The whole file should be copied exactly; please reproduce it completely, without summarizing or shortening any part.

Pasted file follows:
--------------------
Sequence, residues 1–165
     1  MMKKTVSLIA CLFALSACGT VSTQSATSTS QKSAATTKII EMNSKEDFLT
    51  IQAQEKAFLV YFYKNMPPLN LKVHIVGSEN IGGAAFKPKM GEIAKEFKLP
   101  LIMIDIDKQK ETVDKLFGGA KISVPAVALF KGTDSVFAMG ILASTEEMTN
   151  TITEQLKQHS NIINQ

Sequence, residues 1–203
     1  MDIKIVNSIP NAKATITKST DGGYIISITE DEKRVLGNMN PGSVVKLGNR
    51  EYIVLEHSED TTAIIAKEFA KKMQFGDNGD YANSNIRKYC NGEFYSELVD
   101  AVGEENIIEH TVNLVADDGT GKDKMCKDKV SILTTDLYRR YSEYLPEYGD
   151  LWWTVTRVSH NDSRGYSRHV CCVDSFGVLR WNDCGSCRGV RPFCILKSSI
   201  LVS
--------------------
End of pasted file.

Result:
Sequence, residues 1–165
     1  MMKKTVSLIA CLFALSACGT VSTQSATSTS QKSAATTKII EMNSKEDFLT
    51  IQAQEKAFLV YFYKNMPPLN LKVHIVGSEN IGGAAFKPKM GEIAKEFKLP
   101  LIMIDIDKQK ETVDKLFGGA KISVPAVALF KGTDSVFAMG ILASTEEMTN
   151  TITEQLKQHS NIINQ

Sequence, residues 1–203
     1  MDIKIVNSIP NAKATITKST DGGYIISITE DEKRVLGNMN PGSVVKLGNR
    51  EYIVLEHSED TTAIIAKEFA KKMQFGDNGD YANSNIRKYC NGEFYSELVD
   101  AVGEENIIEH TVNLVADDGT GKDKMCKDKV SILTTDLYRR YSEYLPEYGD
   151  LWWTVTRVSH NDSRGYSRHV CCVDSFGVLR WNDCGSCRGV RPFCILKSSI
   201  LVS